Putter is also a parish priest in the city Haarlem and the surrounding area. In his parishes, the decision has been made to heat church buildings to about 50°F during Sunday Mass.

In one of the parishes in the southern city of Roosendaal, church buildings are not yet being heated. However, parish priest Father Marc Lindeijer is busy making plans for the coming winter. His parish council is going to look closely at what is absolutely necessary, he says: Everything that is not necessary will be scrapped.

Instead of keeping the church at a comfortable temperature all week, Lindeijer is considering setting the heating to a minimum.

“Everyone understands the problem and knows that things need to change. If we ask people to put on a thick coat, I expect they won’t have a problem with that,” the priest said.

Lindeijer is struggling with the fact that there are two large churches in Roosendaal, where heating costs will rise considerably. As much as he would like it, alternating between the two churches for Sunday Mass is not an option.

“People here in Roosendaal are attached to their church. We could perfectly well celebrate Christmas in one church instead of three, but I fear that the majority of parishioners would then decide to stay home,” he said.

In addition to rising energy costs, Lindeijer also notices that other items are becoming more expensive in his parish, such as devotional candles. Suppliers have raised prices by 50 percent because of a shortage of raw materials.

“What I regret very much in all this is that as a parish priest I should spend my time attending to my parishioners, but instead I’m spending my time worrying about heating and candles,” he said.

How much money a parish spends on heating church buildings depends on several factors. One major problem is that most Dutch church buildings are large, tall and poorly insulated. Since hot air rises, it takes a lot of heating before those attending Mass notice the difference. Moreover, large temperature fluctuations are bad for the interior of churches: Organs, wood carvings and wall paintings can suffer.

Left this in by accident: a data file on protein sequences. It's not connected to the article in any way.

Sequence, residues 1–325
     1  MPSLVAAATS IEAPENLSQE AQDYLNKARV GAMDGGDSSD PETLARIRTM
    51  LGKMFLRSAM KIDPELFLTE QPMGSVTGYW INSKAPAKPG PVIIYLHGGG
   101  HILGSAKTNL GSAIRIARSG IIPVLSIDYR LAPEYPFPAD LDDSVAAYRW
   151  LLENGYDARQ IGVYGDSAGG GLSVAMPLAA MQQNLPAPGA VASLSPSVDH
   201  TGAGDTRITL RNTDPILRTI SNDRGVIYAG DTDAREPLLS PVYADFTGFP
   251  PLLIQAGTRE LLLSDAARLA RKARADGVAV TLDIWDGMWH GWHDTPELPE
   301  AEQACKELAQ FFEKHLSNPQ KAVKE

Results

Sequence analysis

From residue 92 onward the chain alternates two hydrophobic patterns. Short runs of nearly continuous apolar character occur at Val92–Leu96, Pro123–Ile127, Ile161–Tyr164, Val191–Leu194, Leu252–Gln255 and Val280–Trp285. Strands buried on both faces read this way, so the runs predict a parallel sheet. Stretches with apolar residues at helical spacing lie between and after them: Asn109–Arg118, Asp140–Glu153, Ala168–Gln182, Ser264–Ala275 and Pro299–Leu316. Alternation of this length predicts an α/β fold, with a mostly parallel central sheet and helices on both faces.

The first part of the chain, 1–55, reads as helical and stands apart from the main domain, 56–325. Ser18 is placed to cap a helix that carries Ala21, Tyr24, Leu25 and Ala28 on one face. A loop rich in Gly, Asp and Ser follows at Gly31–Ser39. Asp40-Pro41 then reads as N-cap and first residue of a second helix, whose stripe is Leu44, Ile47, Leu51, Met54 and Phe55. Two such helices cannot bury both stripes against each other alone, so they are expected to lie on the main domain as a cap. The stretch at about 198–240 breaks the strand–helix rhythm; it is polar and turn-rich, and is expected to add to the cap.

The cost of heating a large, old church can weigh heavily on a parish’s overall budget, admitted Anna Kruse on behalf of the Dutch bishops’ conference.

She has received indications that parishes are very concerned about rising energy costs.

Tom Peters, consultant of Energy for Churches, gets these messages as well.

“We receive many very concerned phone calls and emails from churches that are really in big financial trouble,” he said.

Churches affiliated with the initiative will receive a new energy contract by Jan. 1, 2023.

“We have purchased about 75 percent of both electricity and gas,” Peters says. “Based on the preliminary rates, churches should expect their total energy costs to quadruple compared to this year.”

Given current energy prices, even churches that have their own contracts with an energy supplier will not emerge unharmed.

“Costs for churches are only increasing while revenues are ever decreasing,” Peters noted. “The energy crisis may be the tipping point for many churches.”

This article was translated for Crux by Susanne Kurstjens-van den Berk.